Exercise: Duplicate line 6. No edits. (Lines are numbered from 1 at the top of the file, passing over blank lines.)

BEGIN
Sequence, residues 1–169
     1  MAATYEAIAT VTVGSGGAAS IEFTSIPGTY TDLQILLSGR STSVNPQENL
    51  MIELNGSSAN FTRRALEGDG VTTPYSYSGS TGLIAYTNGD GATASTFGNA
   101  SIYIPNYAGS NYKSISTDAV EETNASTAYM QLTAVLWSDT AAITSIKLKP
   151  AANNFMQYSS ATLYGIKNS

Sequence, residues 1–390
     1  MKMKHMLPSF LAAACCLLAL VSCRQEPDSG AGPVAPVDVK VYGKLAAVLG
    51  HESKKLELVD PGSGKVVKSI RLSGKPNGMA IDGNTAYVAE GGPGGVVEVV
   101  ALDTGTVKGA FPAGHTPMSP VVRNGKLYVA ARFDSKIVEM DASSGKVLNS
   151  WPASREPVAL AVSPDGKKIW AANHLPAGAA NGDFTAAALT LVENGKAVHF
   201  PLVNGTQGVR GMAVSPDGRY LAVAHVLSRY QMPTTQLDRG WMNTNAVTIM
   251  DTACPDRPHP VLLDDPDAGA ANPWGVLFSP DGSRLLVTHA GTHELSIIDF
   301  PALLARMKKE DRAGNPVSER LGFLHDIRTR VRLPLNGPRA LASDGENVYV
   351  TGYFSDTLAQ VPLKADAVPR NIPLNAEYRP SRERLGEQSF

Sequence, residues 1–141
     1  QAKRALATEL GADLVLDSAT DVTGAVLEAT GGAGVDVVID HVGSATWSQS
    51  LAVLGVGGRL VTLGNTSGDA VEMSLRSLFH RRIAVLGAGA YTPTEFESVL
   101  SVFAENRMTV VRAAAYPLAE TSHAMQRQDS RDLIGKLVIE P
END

Sequence, residues 1–390